Fun Fact Friday

Posted on
scan0004
Ship Model Shop, January 1937

This month’s fun fact is about our Great Hall of Steam exhibition, which is our gallery that includes many large ship models.  What many may or may not know is that a good number of the models exhibited were built here at the museum.  On July 19, 1932, we opened a ship model shop for the purpose of creating models that could be displayed.

When the work began, they decided to do models of contemporary ships so that the plans from the actual ships could be used.  Most of these ended up being ships that had been built at Newport News Shipbuilding and Dry Dock Company.  The first model the shop started working on was that of President Hoover of the Dollar Line, although a model of the tug John Twohy, Jr. was finished first.   Read more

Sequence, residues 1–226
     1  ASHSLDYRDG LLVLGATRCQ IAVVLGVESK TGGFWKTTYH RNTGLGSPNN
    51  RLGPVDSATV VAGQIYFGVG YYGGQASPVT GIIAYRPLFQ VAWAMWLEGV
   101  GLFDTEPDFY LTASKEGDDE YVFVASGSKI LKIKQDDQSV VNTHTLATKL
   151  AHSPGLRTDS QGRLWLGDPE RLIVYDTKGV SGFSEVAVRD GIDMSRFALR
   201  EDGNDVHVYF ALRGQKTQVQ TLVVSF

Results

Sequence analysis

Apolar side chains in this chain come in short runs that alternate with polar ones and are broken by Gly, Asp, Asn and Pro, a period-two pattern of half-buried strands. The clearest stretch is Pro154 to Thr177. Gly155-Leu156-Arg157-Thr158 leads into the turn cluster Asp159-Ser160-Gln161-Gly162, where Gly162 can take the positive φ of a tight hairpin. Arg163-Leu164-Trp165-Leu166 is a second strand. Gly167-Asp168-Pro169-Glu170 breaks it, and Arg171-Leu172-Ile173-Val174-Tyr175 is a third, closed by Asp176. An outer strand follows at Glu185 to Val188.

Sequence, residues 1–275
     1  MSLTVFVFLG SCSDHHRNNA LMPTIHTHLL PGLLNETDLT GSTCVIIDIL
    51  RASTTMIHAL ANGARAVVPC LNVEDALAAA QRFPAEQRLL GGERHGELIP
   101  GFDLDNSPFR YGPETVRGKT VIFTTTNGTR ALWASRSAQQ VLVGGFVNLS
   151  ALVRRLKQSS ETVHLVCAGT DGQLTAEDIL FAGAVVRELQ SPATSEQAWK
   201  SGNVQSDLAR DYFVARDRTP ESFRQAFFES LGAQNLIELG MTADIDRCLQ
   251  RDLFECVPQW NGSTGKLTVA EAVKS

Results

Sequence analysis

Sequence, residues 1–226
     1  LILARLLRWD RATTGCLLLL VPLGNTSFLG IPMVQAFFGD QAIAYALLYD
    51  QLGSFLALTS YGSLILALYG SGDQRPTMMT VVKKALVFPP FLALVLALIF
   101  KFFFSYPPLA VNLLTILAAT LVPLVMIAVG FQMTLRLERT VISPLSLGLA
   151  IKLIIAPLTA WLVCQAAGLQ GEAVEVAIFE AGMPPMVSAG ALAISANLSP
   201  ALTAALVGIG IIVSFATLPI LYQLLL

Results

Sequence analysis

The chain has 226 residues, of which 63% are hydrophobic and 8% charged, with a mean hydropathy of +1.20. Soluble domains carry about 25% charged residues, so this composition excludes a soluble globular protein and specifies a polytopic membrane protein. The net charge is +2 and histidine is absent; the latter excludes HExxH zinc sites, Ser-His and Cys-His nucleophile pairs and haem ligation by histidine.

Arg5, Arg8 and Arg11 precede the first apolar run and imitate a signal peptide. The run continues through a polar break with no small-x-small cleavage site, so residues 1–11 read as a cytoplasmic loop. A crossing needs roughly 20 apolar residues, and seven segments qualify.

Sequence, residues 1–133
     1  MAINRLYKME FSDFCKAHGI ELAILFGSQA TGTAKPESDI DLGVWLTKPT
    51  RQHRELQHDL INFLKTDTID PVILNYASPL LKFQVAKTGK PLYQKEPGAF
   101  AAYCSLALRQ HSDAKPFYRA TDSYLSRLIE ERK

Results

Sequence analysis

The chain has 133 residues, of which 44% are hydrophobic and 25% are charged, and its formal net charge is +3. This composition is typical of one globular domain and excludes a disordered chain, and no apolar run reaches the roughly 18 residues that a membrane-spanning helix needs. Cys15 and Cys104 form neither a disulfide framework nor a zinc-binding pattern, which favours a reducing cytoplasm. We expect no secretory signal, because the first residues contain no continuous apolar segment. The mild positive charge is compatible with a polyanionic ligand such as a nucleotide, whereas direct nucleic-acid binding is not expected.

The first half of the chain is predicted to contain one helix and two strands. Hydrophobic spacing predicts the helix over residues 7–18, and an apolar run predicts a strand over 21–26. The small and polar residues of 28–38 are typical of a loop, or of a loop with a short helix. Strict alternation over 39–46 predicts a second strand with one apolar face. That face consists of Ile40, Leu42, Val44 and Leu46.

Way Back Wednesdays

Posted on
June 1934, objects on table in main room, scrimshaw display

In our early days, we often simply placed objects all over tables to show off as much of the collection as possible.  Of course this left them easily exposed to damage and theft, so we no longer display them like this, but it still looks neat.  This image is from 1934 and features a small portion of our scrimshaw collection.  The finest piece is that large panbone next to the paddle from 1857/1858 depicting the Civic Heroes of the American Revolution and the Washington Monument at Richmond.  It was made by Nathaniel Sylvester Finney, a veteran whaleman.

I believe I have posted other photographs before of our International Antarctic Exhibition before, but this one (from Jan. 23, 1963) shows Admiral Dufek being interviewed by Channel 13.   Read more